Netflix is flush with great animation lately. It ranges from Bojack Horseman to Blame! to Castlevania. After two seasons, Voltron Legendary Defender definitely belongs on that list. The third season is here, and I had a chance to check out a couple episodes before the upcoming August 4 premiere. The season puts the final member of Team Voltron in place and introduces one of its most classic villains.

The first season of Voltron brought the original team together – Keith, Lance, Hunk, Pidge, and Shiro – and got them into their color-coordinated lions. But fans of the original show know it doesn’t stay that way. Called Shirogane in the Japanese show GoLion and Sven in the hacked-together show we know as Voltron: Defender of the Universe, Shiro is the guy who pilots the black lion, the head and body of the beast, and the second season of the show follows the general path of the original, separating Shiro from his black lion and forcing the team to find a new pilot – and that’s where the third season starts off.

While Voltron hews more closely to something like Avatar: The Last Airbender or The Legend of Korra than the other, more adult-oriented shows I listed above, I never feel like a child when I watch that. No, I save that for when I tune into My Hero Academia every Saturday morning on Crunchyroll. Voltron Legendary Defender has done a great job of treating its characters and viewers both like thinking, feeling beings instead of demographics to be sold toys to.

Season 3 returns to Team Voltron in the aftermath of a big battle and an even bigger loss. The black paladin, Shiro is gone, and the remaining four don’t know what to do. They’ve been continuing to fly their own lion-bots, but right from the get-go it feels like something is missing in every scene. They’re working, they know their machines better than ever, but they’re not quite unified the way they should be.

It feels like grieving. These characters experienced a heartbreaking loss, and have been marinating in it. Instead of dwelling on it for too long, though, the show uses it as a way to help the characters grow in meaningful ways. Even just a couple episodes in, there’s some satisfying changes happening to the character interactions.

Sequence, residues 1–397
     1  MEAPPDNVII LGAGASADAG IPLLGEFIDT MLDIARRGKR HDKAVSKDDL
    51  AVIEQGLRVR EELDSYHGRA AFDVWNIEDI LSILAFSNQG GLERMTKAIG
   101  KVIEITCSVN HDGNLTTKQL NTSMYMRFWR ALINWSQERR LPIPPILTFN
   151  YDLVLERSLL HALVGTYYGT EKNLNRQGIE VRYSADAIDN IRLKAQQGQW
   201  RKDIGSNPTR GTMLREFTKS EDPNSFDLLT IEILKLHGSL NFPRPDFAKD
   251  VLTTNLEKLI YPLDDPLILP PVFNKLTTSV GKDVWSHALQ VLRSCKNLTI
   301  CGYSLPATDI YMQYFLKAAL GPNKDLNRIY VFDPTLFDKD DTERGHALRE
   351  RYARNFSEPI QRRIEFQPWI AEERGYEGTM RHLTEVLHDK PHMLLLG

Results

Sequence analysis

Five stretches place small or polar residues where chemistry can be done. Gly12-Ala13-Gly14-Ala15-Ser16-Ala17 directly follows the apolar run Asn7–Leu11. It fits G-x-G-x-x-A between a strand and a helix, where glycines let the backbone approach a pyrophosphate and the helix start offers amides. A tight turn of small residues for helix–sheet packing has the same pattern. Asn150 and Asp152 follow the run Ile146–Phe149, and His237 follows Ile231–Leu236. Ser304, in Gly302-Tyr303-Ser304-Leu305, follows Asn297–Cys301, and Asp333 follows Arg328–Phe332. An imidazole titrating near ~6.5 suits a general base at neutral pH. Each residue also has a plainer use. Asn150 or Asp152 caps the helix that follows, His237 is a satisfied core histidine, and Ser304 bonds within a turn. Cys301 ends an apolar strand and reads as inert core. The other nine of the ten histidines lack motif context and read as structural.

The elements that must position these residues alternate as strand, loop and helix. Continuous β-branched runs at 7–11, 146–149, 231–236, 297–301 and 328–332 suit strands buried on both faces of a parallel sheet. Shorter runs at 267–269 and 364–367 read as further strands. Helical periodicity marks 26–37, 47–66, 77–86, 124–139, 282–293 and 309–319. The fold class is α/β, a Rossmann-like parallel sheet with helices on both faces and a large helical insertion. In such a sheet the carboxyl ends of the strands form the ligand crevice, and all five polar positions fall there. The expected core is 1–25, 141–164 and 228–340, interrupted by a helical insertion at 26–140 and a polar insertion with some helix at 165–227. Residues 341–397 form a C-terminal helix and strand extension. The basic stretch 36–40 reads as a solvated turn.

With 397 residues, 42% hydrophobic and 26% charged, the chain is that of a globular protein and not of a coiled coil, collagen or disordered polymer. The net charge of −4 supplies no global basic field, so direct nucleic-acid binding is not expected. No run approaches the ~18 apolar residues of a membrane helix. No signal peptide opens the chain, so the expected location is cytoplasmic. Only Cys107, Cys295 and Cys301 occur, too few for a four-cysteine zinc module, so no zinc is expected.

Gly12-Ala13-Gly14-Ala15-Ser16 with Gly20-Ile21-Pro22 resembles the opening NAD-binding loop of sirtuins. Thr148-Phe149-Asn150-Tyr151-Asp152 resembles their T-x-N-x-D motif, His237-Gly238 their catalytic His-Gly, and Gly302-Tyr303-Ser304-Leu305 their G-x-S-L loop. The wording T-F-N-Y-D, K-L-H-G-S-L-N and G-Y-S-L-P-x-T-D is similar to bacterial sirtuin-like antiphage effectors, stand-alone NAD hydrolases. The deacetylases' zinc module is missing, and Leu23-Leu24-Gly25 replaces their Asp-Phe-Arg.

Of Man and Ro-beast

But this isn’t just a warm-fuzzy healing show. It’s Voltron. There have to be space battles and giant beasts and evil villains. With Emperor Zarkon knocked out of commission at the end of season 2, it’s time for a new villain to step in – Prince Lotor. After literal millennia of rule at Zarkon’s hand, Lotor steps in and immediately sets about fixing the empire’s PR problem.

Instead of taking the standard “iron-fisted ruler” approach, Lotor seems to be taking a page of out of Dunder-Mifflin manager Michael Scott’s book – if Lotor has his way, subjects of the Galran empire are going to be afraid of how much they love him. That sets up an interesting dynamic for Team Voltron to face off against. Thus far they’ve met oppressed people who are very willing to rebel against the violent empire they’ve lived under. Now, the team may begin to encounter people who aren’t so interested in rebellion. Voltron could even begin to look like a menace, and that’s where I suspect the season will go.

Both of these elements – the new team, and the new villain – promise to change things up. Voltron Legendary Defender has stayed interesting so far by keeping the team from getting comfortable. Season 3 seems like it’ll keep that up and give us plenty more to look forward to.

Only seven episodes?!

Voltron season 3 is a bit different from the first two not just in that Zarkon and Shiro are both gone, but also in that we only get seven episodes instead of 13. But there’s a good reason for that. The fourth season is currently set to air in October 2017. Instead of getting all 13 episodes at once, we’re getting smaller doses throughout the year. Assuming this works, that means we’ll be seeing more Voltron, more often. Alright, that’s a compromise I can live with.

Voltron season 3 premieres on Netflix on August 4.